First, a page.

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Re: orion-list Pliny Qumran analysis (A. Baumgarten question)

According to Stephen Goranson:
> Sigrid,
> 	I read your proposal with much interest. Pliny's sources obviously
> cannot be limited to Latin, as they plainly include many Greek sources.
> 	And, as Greg Doudna wrote, finally:
> "Finally, the Qumran texts pretty obviously are related to the Essenes, [....]"
> 	I have not studied all of the sources of Pliny--he names so many of
> them!
> 	So, if I may ask:
> 1) Are there indications that Pliny used Syriac sources?

Not that I know of. I am using Syriac as a philological example of the
development of meaning of the root, which in Hebrew and Aramaic
is kaf.pe.pe. and variants, and in Syriac is the equivalent of
kaf.pe.alef., with the basic meaning of `bend' or `bow.'

> 2) Are there indications of the meaning you raise in any Qumran Aramaic texts?

meaning is <German>`beugen</>,' and one reference is to Targum Job 30, 14,
which I don't have with me. As a noun meaning `hand,' derived from `bend,
bow,' apparently, it is found in the Genesis Apocryphon and the
Testament of Levi as well as in Targum Job (Iyyov). As the verb meaning
"to bend, bow" it is mostly found in Targum Job--of the texts published
by 1984 and available to Beyer.

> 3) Is the Syriac meaning you raise attested early enough to have been used
> by a source from the time of Herod the Great?

Well, we're in the same boat in trying to establish the age and date of a
source. The word is used in line 125 of the Syriac Jewish Poem of the
Maccabaean Martyrdoms that is the subject of my dissertation in the form
nun.kaf.pe.  alef., where it is a description for the
priest/scribe/sage/ancient martyr named Eleazar. He is the Head or Chief
of the 'chaste ones' or `pious ones.' In Aramaic kaf.pe. means `palm' as
in palm of the hand. In Latin, `palm' is either the tree or the palm of
the hand. An Aramaic usage of kaf.pe.alef. meaning `palm tree' in the
Tosefta (250 or so CE) is attested in Jastrow, though the possibility is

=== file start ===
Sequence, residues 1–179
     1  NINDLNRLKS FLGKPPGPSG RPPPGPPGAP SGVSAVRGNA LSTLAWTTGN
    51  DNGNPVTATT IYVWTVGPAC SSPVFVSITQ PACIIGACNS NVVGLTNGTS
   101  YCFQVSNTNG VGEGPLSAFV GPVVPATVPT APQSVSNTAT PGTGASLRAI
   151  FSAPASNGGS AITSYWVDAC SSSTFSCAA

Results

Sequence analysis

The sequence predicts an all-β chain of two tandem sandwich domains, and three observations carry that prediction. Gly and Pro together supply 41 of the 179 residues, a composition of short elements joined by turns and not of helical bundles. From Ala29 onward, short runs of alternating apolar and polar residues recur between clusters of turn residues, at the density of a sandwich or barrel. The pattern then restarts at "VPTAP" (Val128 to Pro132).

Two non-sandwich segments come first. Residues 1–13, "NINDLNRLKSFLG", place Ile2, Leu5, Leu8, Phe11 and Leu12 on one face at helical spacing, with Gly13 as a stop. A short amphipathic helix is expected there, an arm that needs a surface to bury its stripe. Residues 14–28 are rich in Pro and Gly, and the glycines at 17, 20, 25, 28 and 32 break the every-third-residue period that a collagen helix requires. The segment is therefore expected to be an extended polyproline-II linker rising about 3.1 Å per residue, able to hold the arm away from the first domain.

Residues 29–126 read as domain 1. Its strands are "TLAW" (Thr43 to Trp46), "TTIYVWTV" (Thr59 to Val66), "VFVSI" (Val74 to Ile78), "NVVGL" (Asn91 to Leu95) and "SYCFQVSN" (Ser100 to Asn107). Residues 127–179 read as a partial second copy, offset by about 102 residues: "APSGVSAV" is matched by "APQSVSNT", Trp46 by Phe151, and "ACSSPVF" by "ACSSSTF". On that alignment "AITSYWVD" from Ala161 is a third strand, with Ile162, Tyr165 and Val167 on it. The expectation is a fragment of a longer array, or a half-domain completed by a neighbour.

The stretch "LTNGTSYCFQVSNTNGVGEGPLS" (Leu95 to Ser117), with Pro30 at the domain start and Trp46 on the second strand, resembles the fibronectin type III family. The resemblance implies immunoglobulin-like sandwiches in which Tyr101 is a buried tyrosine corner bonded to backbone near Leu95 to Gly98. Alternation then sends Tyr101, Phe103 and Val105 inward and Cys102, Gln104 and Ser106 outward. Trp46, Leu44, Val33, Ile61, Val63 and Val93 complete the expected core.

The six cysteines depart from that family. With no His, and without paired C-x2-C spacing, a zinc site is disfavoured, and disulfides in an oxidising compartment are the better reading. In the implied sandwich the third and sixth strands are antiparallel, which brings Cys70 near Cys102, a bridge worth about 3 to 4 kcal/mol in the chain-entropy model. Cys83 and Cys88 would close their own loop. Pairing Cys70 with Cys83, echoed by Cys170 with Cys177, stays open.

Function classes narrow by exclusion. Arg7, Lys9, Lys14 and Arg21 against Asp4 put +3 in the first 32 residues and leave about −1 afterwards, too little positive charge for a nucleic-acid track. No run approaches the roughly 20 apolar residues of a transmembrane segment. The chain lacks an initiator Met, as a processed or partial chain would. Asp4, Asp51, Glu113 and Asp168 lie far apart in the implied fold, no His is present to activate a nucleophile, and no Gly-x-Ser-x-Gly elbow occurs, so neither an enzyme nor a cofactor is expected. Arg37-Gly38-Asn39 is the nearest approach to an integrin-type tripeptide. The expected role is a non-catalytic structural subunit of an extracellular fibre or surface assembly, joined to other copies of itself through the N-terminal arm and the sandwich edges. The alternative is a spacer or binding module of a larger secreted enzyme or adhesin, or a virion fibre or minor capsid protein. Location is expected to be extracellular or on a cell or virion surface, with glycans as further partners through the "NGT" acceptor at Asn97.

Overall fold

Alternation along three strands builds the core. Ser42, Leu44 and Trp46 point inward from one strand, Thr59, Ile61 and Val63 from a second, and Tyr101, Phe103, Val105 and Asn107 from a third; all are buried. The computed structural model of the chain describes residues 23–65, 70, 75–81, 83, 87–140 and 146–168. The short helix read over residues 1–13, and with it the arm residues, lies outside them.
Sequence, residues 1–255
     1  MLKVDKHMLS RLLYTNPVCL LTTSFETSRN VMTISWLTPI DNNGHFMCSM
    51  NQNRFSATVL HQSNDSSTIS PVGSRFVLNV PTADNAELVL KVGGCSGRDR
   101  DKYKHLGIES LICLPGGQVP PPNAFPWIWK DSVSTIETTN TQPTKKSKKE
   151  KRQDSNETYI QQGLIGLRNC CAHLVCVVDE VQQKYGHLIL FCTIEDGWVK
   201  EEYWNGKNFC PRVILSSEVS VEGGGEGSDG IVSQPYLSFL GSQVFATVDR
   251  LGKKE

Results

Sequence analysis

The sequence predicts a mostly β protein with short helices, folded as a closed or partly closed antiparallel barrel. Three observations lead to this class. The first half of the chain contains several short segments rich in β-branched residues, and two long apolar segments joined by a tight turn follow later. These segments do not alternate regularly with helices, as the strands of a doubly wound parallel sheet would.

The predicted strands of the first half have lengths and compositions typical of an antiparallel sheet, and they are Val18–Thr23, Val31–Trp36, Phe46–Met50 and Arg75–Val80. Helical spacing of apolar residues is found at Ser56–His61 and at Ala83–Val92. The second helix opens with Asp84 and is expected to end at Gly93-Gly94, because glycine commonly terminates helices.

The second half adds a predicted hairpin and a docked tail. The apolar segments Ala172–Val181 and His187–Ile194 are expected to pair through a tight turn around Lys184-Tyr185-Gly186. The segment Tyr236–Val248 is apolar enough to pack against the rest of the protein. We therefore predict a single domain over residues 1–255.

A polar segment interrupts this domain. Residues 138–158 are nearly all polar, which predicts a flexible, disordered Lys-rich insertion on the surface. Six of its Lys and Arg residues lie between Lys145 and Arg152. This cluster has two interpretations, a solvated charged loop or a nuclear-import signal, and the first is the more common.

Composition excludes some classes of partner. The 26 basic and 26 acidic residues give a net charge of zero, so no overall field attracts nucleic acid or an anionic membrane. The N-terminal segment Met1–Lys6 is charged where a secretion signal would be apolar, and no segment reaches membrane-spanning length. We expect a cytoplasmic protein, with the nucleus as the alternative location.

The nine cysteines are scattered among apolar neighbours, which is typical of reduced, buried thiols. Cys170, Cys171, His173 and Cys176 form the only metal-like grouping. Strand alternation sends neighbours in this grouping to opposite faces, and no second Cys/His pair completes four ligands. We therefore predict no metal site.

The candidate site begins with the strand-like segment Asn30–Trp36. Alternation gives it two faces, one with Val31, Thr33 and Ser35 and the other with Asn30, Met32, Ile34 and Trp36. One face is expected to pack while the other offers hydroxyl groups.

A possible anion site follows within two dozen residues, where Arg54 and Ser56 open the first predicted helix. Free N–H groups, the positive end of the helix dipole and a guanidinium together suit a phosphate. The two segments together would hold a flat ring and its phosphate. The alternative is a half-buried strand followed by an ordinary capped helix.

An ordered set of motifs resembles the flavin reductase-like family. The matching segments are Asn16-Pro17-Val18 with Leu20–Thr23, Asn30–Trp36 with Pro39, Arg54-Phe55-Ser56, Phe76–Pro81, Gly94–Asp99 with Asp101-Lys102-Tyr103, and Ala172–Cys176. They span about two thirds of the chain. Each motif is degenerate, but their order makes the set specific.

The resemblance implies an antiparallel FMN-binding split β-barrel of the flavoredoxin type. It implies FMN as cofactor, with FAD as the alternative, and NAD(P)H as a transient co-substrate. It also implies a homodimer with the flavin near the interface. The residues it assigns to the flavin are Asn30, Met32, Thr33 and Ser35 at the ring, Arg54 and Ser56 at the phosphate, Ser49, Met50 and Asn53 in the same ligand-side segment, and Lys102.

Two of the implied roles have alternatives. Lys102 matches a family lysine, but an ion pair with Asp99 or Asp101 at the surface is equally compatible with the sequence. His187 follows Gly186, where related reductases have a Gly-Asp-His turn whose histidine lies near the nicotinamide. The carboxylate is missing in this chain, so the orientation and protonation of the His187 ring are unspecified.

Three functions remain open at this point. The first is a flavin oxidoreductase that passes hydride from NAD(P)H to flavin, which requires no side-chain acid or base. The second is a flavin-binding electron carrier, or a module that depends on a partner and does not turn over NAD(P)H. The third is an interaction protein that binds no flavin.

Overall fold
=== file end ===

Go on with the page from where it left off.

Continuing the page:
always there when using Jastrow that there is no underlying support from

It is said that Pliny did not tolerate it well when his staff corrected
themselves or went back and made a change. I don't remember at the moment
whether that detail comes from Rackham in the Loeb Edition, or from
Stern's comments on the passage. I tend to think the former, quoting a
letter concerning Pliny the Elder's work habits. 

That's a tenuous basis for saying that the underlying text is Semitic,
hinging, as it does, on a supposed mistake in the choice of Latin words to
translate nun.kaf.pe.alef or a similar Semitic word. 

Based on stylistic evidence--classical source criticism--and on two
separate lines of investigation, the Syriac Jewish Poem of the Maccabees
probably goes back to Eupolemus, ambassador to the Romans under Judah the
Maccabee. However, there is no early attestation of the Syriac Poem in a
manuscript, and this word could be a substitution--maybe it originally
said "essenes," and a more familiar word was substituted. 

I believe I had also located evidence in Greek for the same combination of
`to bend' with palm trees and palms of hands. It would seem--unfortunately
for a solid case--that the way of looking at the result of bending a tree
or a human or a hand traveled from language to language around the

> best,
> Stephen Goranson
> goranson@duke.edu
> P.S. As you may recall, I very very speculatively suggested a slight
> possibility of a play on Tamar as feminine, prior to M. Agrippa.

Yes, I discovered that tonight, in reviewing the end of your article
posted on the Orion list at 


where you say

  That "socia palmarum" refers to actual trees is made more plausible by
  new climate studies: the area was wetter then than now.18 And de Vaux 
  already noted the presence of date palm wood, palm leaves, and date 
  pits at Qumran.19 Yet there may be a word play here. Botanically, 
  palms are male and female, but in Hebrew tamar is usually taken as 
  female; in addition to the personal name, see Shir ha-Shirim 7:8 
  (7:7 in RSV: "You are stately as a palm tree, and your breasts are like
  its clusters"). Could there be an echo in Agrippa's source of an earlier
  Hebrew remark that was less than complimentary? That must remain
  speculative, and Agrippa surely presents Essenes in a positive light. 
  In any case, abdication of sex, "omnes venere abdicata" does not
  necessarily require banishing women, or men, from one's sight (or

  1. Stephen Goranson, Annotated Article entitled "Rereading Pliny on the
  Essenes: Some Bibliographic Notes, posted at the following URL:
  http://orion.mscc.huji.ac.il/orion/programs/Goranson98.html and dating
  from the year 1998.
For private reply, e-mail to petersig@ccat.sas.upenn.edu (Sigrid Peterson)
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